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COVID Check-In: Index Case and the Two Routes of Transmission

Each week, Forum Director of Research Noreen Sugrue provides insight into the political implications of the latest COVID-19 health data. This week, she explains index case and looks into two main types of transmission: behavioral choice and occupational necessity.

By Noreen Sugrue, Director of ResearchNoreen Sugrue (@NoreenSugrue) | Twitter

As we monitor the patterns of how and where people are infected, we must also look at what is referred to as the index case. This refers to how the person who infects others with the virus is initially exposed. There are two broad routes of transmission.

One is infection via behavioral choices. Behavioral choices include going to bars, restaurants, parties, not wearing a mask, and attending or hosting large social gatherings. The other route of infection is occupational necessity: in other words, people working in essential jobs where they are at high risk for exposure. In both scenarios, people who become infected often go home, meet friends, talk to coworkers, and take care of family.

When the index case is due to occupational necessity, the interaction with family or others is often due to close living conditions, shared spaces, or shared rides to work or the grocery store. It also may involve shared child-care arrangements. These cases are the result of working in high-risk occupations and sharing necessary day-to-day living arrangements. These people, by and large, are Latino or Black. They are disproportionately represented in high-risk jobs. Transmission due to close proximity is not the result of a behavior choice, but rather of economic necessity.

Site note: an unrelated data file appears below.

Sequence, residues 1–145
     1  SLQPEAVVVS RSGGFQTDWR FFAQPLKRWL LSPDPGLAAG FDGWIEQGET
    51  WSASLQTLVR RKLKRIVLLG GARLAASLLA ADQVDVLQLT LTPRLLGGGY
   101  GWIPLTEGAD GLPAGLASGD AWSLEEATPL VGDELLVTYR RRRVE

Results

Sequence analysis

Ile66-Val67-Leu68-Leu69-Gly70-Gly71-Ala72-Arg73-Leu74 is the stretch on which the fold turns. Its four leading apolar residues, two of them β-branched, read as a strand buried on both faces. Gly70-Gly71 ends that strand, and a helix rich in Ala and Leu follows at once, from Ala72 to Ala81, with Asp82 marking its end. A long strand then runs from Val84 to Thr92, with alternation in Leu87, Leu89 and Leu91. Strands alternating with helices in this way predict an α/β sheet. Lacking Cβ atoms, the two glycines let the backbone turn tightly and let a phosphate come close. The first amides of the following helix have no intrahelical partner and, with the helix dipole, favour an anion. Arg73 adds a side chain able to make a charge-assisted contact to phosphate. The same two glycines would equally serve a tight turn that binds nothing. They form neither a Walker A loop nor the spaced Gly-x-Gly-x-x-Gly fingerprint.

The behavioral-choice transmission is often the result of people choosing to live their lives as if there were no pandemic. It is people going to restaurants, bars, and engaging in social activities as if it were 2019, not 2020. They too will then spread the virus to others in their social, familial, and professional spheres. But unlike those who are exposed due to occupational necessity, these behavioral-choice spreaders are making social and economic decisions based on what they want to do, rather than what they must do to survive.

It is important to note that close proximity with no masks, family and social gatherings, and gatherings of children are all high-risk activities and must be avoided whenever possible. However, it is also important to understand the difference between those who have no choice but to risk exposure, and those who are choosing to risk exposure.

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